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Brick-and-Mortar:The Omni Tango

The future of physical retail is intrinsically tied to how well retail brands can lead — and follow — their customers.

Chain Store Age | November/December 2021 by Connie Gentry

Put on your dancing shoes — 2022 looks to be the year that retailers and consumers are finally in step to optimize the omni experience. All the fancy footwork retailers implemented across the pandemic have produced an array of positive and aspirational outcomes for retail operations. It starts with a clear under-standing that neither retailer nor consumer leads every move, neither digital nor brick-and-mortar stands alone. Instead, these are prodigiously choreographed partnerships.

“This idea that the consumer is always making a choice between two things is a false narrative,” said Ethan Chernofsky, VP of marketing at Placer AI. “Brick-and- mortar and online can live side by side — it’s not always either. Consumers want varied experiences: They will have Netflix and still go to movies. People can buy a Peloton and still want a gym membership.”

What’s ahead for brick-and-mortar retail, most experts agree, is a reinvention of all the consumer touchpoints and the physical space to drive engagement, produce efficiency and create flexibility.

Permanent Trends

Work from home (WFH) and “buy online, pickup in store” (BOPIS) — gained new momentum in 2020 and will continue to define brick-and-mortar spaces in 2022 and beyond.

Lee Peterson, executive VP, thought leadership and marketing at WD Partners, cited the firm’s recent research where half of the 2,700 consumers surveyed said they will continue to WFH at least 60% of the time in 2022. And 100% said they will not go back five days a week at any time.

WD Partners also asked consumers, “When you go to a store, where will it be?” The response was close to home: 37% said they want to shop in their local community. As for what kind of stores respondents want in their community, the No. 1 answer was retailers selling local, but a close No. 2 was big brands with smaller stores.

“Retailers are rethinking their real estate and one thing we’re going to see play out in 2022 is these 15-minute cities, where everything consumers want is in their local neighborhoods,” Peterson said. “Restaurants figured that out a long time ago, which is why there are quick-service restaurants on every corner. We’ll see more of that with big retail brands.”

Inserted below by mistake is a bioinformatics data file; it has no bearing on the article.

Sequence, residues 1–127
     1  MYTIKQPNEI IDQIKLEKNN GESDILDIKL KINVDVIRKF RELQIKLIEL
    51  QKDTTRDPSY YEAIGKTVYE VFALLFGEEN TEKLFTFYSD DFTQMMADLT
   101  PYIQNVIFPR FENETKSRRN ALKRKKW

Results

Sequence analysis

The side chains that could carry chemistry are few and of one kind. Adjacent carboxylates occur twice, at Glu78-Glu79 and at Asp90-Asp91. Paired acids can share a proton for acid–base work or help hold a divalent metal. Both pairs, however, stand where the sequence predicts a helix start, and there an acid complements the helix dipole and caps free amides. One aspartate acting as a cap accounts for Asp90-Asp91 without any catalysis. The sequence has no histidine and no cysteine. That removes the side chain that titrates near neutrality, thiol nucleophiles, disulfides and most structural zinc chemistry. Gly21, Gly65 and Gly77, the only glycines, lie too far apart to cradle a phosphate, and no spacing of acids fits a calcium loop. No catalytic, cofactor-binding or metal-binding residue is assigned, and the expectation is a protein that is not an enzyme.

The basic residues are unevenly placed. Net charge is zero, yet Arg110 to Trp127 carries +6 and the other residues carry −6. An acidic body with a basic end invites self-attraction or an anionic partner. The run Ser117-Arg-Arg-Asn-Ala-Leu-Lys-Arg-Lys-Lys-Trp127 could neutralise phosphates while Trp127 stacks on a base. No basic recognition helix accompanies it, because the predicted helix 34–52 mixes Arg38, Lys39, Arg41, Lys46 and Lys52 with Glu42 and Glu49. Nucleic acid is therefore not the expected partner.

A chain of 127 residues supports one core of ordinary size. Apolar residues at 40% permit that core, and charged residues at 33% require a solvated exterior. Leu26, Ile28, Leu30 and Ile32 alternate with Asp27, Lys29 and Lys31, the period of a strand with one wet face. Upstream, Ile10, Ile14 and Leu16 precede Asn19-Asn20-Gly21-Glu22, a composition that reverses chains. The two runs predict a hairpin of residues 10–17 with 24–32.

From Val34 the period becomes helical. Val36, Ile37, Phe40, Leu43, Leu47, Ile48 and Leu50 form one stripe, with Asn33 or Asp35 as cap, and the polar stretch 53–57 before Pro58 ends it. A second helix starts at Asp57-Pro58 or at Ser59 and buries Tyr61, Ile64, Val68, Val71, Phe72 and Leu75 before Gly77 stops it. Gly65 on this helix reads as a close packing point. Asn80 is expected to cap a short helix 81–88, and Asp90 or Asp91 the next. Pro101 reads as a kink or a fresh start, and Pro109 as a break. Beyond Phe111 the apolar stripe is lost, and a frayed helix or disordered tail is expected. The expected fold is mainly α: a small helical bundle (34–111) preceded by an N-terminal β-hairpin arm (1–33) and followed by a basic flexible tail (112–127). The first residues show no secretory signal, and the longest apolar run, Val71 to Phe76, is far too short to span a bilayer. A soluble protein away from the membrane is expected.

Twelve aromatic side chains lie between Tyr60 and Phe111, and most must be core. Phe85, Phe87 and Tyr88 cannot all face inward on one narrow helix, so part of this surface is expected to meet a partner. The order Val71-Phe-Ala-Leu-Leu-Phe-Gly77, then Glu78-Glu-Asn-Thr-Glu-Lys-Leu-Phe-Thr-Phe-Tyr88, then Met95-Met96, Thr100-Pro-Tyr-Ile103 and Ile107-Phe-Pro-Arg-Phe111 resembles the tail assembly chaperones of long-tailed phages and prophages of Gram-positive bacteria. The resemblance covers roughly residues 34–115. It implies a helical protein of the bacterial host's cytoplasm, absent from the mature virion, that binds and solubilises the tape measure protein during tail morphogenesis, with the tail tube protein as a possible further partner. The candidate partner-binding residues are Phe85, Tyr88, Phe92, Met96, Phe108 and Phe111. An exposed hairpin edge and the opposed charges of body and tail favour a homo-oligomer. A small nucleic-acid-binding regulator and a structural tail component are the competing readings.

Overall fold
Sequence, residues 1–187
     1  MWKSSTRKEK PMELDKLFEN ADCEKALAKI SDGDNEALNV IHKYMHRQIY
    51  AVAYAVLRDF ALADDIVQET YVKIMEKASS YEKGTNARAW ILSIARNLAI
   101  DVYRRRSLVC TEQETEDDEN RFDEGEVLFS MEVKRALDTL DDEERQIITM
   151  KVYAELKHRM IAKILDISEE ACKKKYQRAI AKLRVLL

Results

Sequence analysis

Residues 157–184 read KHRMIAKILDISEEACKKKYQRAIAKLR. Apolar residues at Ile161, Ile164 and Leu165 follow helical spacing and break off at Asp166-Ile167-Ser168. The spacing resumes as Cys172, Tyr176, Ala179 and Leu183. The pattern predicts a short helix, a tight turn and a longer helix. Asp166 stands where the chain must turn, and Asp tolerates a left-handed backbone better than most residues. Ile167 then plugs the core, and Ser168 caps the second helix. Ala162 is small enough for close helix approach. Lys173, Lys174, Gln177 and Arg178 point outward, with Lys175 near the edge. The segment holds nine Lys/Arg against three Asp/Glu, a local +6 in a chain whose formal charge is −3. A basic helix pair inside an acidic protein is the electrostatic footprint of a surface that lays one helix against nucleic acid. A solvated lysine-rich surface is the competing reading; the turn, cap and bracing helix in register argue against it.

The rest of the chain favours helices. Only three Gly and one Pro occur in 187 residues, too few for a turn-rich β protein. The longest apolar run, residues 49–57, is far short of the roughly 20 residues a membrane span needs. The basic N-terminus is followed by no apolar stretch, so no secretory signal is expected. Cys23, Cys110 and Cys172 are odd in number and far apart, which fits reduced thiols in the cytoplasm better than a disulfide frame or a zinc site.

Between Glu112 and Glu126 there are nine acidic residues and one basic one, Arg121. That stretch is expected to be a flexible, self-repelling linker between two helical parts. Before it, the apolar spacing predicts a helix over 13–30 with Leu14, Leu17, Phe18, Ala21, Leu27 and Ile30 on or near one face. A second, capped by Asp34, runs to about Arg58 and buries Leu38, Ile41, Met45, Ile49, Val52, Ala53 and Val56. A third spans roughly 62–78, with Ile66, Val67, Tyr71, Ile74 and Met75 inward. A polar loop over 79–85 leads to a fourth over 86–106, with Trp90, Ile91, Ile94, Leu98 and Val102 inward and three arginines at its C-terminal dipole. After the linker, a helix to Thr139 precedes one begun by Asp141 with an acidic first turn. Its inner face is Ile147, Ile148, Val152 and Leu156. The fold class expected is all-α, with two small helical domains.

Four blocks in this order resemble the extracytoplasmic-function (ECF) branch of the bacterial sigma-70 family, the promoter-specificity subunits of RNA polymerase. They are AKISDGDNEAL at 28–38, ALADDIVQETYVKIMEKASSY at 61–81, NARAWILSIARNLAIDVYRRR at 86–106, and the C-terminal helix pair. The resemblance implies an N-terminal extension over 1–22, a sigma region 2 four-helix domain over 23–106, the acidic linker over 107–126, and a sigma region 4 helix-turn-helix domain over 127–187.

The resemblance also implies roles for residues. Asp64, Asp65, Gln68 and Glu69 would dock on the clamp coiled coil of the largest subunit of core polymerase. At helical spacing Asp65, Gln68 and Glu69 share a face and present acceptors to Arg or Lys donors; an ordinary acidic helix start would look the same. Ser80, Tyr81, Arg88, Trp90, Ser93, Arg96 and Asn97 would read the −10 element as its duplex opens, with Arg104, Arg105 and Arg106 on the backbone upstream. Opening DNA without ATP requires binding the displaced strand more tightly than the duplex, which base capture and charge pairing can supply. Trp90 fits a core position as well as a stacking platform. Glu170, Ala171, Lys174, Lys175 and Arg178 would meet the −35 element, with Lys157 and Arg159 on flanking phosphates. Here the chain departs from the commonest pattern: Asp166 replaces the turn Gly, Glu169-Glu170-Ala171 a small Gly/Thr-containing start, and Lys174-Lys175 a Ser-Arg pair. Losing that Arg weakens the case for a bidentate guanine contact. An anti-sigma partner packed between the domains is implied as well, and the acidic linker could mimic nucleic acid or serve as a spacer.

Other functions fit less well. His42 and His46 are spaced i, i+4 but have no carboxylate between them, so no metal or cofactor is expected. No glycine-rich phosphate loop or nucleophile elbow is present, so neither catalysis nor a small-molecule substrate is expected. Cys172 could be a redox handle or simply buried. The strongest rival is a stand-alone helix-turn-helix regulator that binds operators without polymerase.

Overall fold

Similarly, BOPIS is going to impact real estate reinvention and speed to service is key.

“Retailers are figuring out how to get product to their customer in the fastest way at the lowest cost,” said Alexa Driansky senior VP in the retail practice at AlixPartners. “As they leverage stores for fulfillment, expect a massive redesign of stores: back of house set up to fulfill orders; front of house redesigned with different customer touchpoints for pickup and kiosks for returns.”

What it boils down to, she added, is agility, or the measure of a retailer’s ability to understand and respond to consumers’ changing needs. Experts agree, saying the key to retailer responsiveness is dancing the fine line between omni presence and market customization.

“The role of the store is extremely critical but there is not a one-sized plan for all,” said Rob Harrold, managing director at Deloitte Consulting. “Retailers must define the strategic purpose of each location — one store may have higher pickup, another can be more of an experiential destination. They should look at the store’s role in its market.”

The People Paradigm

Speculation around applications for artificial intelligence (AI) and enhanced user experiences (UX) abound. But just as online is here to augment not replace brick-and- mortar, technology will continue to elevate interactions but not eliminate human influences. Expect a new focus on employees.

“We know from our recent consumer re-search that employees have the most impact on the consumer’s brand experience, more than any other experience attribute,” said Emily Albright Miller, senior VP, Strategy, at Big Red Rooster, a JLL company. “But the labor shortage is causing devastating effects on service and consumer brand perception. What we see in this current dynamic is a paradigm shift, with retailers empowering employees in new ways. We anticipate that, in 2022, brands will invest in ways to appeal to the employee.”

Milled added that the future design of stores will be more holistic and factor in the experiential needs of employees, not just customers.

The new era of retail starts with creating a more predictable and flexible operating model for employees.

“We haven’t rethought the operating model in some time, now it’s time,” says Rod Sides, vice chairman, Deloitte LLP, and U.S. retail, wholesale and distribution leader. “For the last decade, stores have operated on a 70:30 ratio of part-time to full-time. People have to be able to live and plan their lives, retailers need a more predictable model for scheduling employees.”